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A Good Fire - Pork and Skewers...Mmmmm

We went out to our property yesterday.  The trees we planted for the tree farm are looking great.  They survived the winter well.  On the way out, we stopped and bought some mushrooms, steak, pork, and skewers.  Loaded down with food and beverages (plenty of soda and water) we drove back the mountain roads.

Our property is 5.5 acres on the top of a mountain, overlooking Camelback Mountain.  Our land butts up against the State Game Lands, so there is plenty of wilderness all around, good hiking, and quite a bit of animal life.  We always build a fire there, and hang out in our shack.  We placed a good size shed on the land with two sets of bunk beds and all our camping gear inside.  Coming out here to cook is fun and a genuine retreat from the Camp and Retreat Center where we live.

Cooking directly over fire offers some sensational goodies.  We pretty much scarfed down the steak and mushrooms right there on the spot - no problem.  We did cook it, though.

But the pork took a special spot on the flames.  Slowly turned repeatedly, we let it get good and done.  The outside was coffee brown and black cinder in some areas.  To the kids, this looked horrid.  For me, I knew it would be perfect for the evening meal.

When we got home I took some crushed tomatoes and sautéed them in some olive oil with a good bit of crushed garlic.  While this was going to town in a pan, I de-skewered the pork and diced them in nice 1/2 inch cubes, being sure to leave the burnt sections intact.  Next I added some Walker Woods Jerk Sauce.  This paste is an awesome blend. If you have been to Jamaica, you would swear you were eating at the Pork Pit if you use this stuff.  That is GOOD.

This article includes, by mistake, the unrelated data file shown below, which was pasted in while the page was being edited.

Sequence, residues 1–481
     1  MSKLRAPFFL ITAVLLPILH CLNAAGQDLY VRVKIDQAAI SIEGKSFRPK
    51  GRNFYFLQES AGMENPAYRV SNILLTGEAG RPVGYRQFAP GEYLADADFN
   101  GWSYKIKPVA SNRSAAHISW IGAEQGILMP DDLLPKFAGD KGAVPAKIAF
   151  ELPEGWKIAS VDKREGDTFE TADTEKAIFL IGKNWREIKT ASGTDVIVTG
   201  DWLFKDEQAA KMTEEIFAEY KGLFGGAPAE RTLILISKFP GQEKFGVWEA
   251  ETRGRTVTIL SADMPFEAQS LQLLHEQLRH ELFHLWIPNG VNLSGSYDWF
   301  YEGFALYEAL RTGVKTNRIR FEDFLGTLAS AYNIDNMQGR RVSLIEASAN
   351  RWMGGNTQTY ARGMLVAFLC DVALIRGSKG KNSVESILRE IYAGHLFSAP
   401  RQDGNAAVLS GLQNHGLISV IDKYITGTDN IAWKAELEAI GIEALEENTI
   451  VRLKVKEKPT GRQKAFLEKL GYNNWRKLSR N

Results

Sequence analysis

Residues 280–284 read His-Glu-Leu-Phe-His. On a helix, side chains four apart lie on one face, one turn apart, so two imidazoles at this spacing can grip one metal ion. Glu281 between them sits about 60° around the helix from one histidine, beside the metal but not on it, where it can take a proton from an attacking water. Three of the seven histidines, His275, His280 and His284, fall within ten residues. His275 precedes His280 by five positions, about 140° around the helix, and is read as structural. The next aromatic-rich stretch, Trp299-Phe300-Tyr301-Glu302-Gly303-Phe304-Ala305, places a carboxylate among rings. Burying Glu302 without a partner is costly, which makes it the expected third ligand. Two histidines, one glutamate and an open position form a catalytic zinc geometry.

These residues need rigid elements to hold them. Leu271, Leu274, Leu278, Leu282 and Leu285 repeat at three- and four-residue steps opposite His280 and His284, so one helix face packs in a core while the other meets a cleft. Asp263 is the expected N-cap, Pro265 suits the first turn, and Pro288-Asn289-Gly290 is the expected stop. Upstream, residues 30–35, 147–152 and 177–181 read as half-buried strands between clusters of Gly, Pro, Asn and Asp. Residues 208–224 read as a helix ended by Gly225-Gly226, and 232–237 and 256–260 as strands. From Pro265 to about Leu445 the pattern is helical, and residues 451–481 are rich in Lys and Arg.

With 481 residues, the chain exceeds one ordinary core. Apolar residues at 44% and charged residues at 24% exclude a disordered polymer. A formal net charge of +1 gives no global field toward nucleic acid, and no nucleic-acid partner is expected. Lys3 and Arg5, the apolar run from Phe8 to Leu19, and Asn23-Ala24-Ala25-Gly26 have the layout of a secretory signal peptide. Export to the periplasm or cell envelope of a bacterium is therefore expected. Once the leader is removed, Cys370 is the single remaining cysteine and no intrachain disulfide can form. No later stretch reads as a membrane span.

I let this sauté in the pan for about a half hour on low.  Not only did it soften up the pork that was cooked and dried out quickly over the open flame, but it pulled all of that charcoal out of the meat and spread it throughout the sauce.  That is flavoring at its best.  Some chick peas and some red beans certainly made the jambalaya PERFECT.

Folks who cook in the kitchen often "burn" things.  But there are some "burned" things that really can be dealt with and enhanced by knowing how to drawl out the flavor and pass it around - in an among the sauce.  Chicken and beef cooked on an open flame or grill can offer the same gifts to the meal.  Bringing grilled foods in and allowing them to mingle with more of the marinade can turn a good meal into an awesome meal.

Play around with caramelization of meats and veggies and get a real sense of what the taste blends with.  It will not only save you when things go a bit too far in the heat department.  It will help you add layers of flavor and taste to meals that you have been serving your whole life.

PS - I lost 10 lbs in two weeks on the South Beach Diet.  I've just eaten more meat than I am used to during Lent.